Headlines are important.
According to David Ogilvy, five times as many people are likely to read the headline of an article or advertisement than the content it introduces. Whether you’re working on a blog post, Facebook ad, or even a title tag for a website, learning how to write compelling headlines is a skill that will serve you sell.
Prep work and the importance of context
Let’s talk about love and marriage.
Generally speaking, falling in love with someone and asking them to marry you is considered a good thing. But what about asking someone to marry you on a first date? Or randomly asking a stranger on the street to get engaged?
In each case, you’re still doing the same thing – proposing marriage – but the context radically changes both the acceptability of your actions and the likelihood that you’ll get a positive response.
This is true with writing headlines as well. Before you put pen to paper, you need to have a firm understanding of how your reader will interact with your headline. Will they come across your ad while searching for a keyword that signals strong buying intent or will they see it while killing time on Facebook?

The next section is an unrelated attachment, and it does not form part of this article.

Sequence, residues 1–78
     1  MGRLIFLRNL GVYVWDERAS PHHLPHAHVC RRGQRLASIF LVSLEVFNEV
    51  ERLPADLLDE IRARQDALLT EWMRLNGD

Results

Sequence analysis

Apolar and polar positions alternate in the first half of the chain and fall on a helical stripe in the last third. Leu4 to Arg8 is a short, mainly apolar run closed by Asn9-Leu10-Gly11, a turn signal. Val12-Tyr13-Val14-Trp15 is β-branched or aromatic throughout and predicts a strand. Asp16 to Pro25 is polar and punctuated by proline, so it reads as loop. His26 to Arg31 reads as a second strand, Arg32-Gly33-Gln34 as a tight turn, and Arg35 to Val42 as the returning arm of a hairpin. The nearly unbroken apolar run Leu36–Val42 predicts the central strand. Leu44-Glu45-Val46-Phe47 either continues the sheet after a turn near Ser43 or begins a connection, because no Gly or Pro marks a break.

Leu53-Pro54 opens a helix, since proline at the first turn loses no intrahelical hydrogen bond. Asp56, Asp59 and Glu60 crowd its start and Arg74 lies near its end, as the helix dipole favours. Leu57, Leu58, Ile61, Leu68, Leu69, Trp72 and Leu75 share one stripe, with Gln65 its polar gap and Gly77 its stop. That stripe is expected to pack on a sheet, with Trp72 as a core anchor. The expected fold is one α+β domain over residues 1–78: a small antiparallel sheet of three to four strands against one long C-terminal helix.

One tested method for writing headlines is the 4-U approach, which states that a headline should be:
- And Ultra-Specific
A headline like “Winter Running Shoes on Sale – 50% Off” could either pass or fail the 4-U test depending on the context.
Write Write Write
You create good headlines from bad headlines.
Not everything you write will be good. In fact, a lot of the headlines you come up will with be awful, but that’s okay. One good exercise is to deliberately try and write the worst headlines you can think. Take a moment to examine what makes them bad, then do the opposite.
Now you have a good headline.
Ogilvy tried to write at least 20 headlines for each advertisement he ever made. During the writing stage, you should focus on getting as many different headlines down as possible.
Breathe and Edit
Now that you have your big pile of potential headlines, it’s time to edit. This is when you start taking things like character limits into consideration while tweaking and trimming the headlines you’ve already written.
Give yourself a bit of time between the writing and editing process.
You may wind up with only one headline that you feel is a real winner, but try to give yourself 2-3 variations to work with in the next step.
Test Test Test
At the end of the day, a “good” headline is one that produces positive results. You can write headlines that are clever and make people laugh, but usually, those aren’t the metrics used to measure success. A funny headline could get more clicks than a serious one, but you’ll never know unless you test.
Testing has been a key part of direct response marketing for decades. Back then, running an A/B test was infinitely more difficult than it is today, so the fact that marketers still did it should be a testament to their importance.
If you’ve followed all the steps in this process, you should end up with a few headlines to test. Once you find a winner, it’s time to start over again to try and beat your control.